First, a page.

In the December 2005 issue of Theatre Journal, editor Harry Elam posed the following question to several prominent theatre makers and scholars, “What is a Black Play?” Suzan-Lori Parks’ response was “New Black Math.” This evening, Sons/Ancestors Players of Sacramento State University directed by Dr. Melinda Wilson, will give an original performance of “New Black Math, an essay by Suzan-Lori Parks.” Their presentation will be accompanied by the premiere of a documentary on the founding of the Black Student Union and Black Studies at Puget Sound and open onto a conversation of what is the state of Ethnic Studies, 40 years and counting, in this -- our -- critical moment of contested identities and forms of knowledge, from Washington to Texas, Arizona, and beyond.
A Staged Reading of 1620 BANK STREET by C. Rosalind Bell, author of THE NEW ORLEANS MONOLOGUES; directing and dramaturgy by Grace Livingston and Geoff Proehl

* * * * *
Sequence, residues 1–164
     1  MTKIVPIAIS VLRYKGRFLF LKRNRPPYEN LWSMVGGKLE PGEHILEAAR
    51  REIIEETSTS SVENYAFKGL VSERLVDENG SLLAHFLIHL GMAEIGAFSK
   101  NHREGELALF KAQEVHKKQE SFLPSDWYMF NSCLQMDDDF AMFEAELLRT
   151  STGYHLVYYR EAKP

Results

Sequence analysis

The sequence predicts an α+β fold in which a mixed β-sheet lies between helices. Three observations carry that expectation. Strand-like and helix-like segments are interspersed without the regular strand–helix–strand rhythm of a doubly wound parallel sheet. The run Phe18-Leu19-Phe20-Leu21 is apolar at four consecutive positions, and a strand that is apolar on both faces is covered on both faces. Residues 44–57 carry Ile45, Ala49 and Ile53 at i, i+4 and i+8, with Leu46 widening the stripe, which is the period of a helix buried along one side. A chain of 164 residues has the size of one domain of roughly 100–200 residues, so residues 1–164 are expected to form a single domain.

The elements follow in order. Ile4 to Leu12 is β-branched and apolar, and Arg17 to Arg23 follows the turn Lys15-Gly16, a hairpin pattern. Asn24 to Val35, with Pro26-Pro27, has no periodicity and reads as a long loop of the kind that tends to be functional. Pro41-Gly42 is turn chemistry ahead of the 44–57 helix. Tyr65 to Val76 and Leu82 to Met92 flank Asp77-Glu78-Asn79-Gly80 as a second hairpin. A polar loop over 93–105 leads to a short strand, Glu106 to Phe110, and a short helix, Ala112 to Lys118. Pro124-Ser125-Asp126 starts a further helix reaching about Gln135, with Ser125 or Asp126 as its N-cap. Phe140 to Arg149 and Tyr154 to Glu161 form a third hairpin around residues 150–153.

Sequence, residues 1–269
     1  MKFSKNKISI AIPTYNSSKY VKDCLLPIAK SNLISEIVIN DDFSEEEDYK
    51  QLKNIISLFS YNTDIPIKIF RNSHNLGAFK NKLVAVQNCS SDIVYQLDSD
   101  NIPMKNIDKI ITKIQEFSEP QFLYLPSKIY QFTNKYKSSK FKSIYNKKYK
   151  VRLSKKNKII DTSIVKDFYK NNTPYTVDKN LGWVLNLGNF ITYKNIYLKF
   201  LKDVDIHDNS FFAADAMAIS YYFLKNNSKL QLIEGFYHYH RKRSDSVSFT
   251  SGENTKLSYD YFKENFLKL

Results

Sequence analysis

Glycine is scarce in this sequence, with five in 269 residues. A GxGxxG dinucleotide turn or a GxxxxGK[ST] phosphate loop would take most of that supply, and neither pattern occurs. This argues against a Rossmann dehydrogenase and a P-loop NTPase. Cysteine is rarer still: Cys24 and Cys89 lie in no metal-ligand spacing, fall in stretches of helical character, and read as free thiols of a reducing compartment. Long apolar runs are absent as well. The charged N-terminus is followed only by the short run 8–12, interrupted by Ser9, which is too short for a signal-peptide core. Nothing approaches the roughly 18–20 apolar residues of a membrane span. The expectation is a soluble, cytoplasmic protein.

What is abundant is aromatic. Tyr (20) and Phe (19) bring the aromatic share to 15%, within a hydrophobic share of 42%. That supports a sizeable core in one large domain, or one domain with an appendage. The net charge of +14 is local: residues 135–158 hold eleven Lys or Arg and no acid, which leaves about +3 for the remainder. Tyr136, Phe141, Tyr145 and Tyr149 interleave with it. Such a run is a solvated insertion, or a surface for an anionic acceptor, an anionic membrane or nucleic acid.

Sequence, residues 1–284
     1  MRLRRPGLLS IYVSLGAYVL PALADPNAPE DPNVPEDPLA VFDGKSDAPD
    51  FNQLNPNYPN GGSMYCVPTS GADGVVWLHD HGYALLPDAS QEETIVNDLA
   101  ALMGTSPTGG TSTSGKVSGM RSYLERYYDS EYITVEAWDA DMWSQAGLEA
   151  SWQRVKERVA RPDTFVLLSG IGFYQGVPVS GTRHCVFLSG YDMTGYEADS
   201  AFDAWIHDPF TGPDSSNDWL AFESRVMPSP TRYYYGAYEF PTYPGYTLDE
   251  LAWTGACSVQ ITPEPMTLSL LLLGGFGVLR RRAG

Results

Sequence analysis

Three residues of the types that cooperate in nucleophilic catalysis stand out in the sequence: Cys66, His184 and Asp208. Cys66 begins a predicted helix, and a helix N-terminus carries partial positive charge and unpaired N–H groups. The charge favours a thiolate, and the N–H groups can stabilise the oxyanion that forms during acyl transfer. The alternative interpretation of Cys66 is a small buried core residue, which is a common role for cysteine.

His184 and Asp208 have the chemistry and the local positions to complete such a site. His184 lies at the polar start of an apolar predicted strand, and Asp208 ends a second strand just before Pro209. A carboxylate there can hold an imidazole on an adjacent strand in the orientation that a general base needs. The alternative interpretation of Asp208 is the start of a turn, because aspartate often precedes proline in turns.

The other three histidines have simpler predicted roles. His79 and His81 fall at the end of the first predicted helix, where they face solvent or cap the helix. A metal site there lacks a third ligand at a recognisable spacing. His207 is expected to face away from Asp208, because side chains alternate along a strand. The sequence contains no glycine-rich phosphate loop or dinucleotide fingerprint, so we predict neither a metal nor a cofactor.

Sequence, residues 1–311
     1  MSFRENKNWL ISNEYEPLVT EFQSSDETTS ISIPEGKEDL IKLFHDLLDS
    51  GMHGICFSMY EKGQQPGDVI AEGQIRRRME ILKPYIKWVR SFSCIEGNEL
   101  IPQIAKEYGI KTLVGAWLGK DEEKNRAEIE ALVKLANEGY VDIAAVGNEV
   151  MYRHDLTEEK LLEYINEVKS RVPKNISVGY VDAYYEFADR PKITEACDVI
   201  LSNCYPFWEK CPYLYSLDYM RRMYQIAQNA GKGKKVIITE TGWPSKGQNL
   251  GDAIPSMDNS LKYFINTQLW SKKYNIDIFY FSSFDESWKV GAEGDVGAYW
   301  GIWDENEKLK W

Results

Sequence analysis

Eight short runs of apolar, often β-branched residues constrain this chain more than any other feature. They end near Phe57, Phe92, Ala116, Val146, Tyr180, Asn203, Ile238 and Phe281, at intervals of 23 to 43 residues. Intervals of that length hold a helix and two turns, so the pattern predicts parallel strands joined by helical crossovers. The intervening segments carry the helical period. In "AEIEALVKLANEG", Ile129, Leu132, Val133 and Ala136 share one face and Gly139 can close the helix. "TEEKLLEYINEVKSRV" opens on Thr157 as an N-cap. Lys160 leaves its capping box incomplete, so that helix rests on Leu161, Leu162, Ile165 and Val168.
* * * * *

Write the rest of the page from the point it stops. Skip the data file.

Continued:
Although the United States Court ruled in 1954 and 1955 that the Separate and Equal doctrine was null and void, it would be the late ‘60s before Louisiana acted to fully integrate its schools. The play, 1620 Bank Street, takes place at a southwestern Louisiana Catholic High School and provides a lens into the lives of the people affected by the decision as notions of race, class, culture, and love bump against and into one another.
Students are welcome to attend the full dress rehearsal, with post-play discussion, on Monday evening, October 25 at 7:30, also in Schneebeck.
THESE ARE TICKETED EVENTS, LIMITED TO THE FIRST 400 REGISTRANTS. COMPLETE YOUR REGISTRATION FORM TO RESERVE TICKETS. ADDITIONAL TICKETS CAN BE PURCHASED FOR $20 EACH. SINGLE TICKET SALE IS ALSO AVAILABLE, CALL 253.879.3419.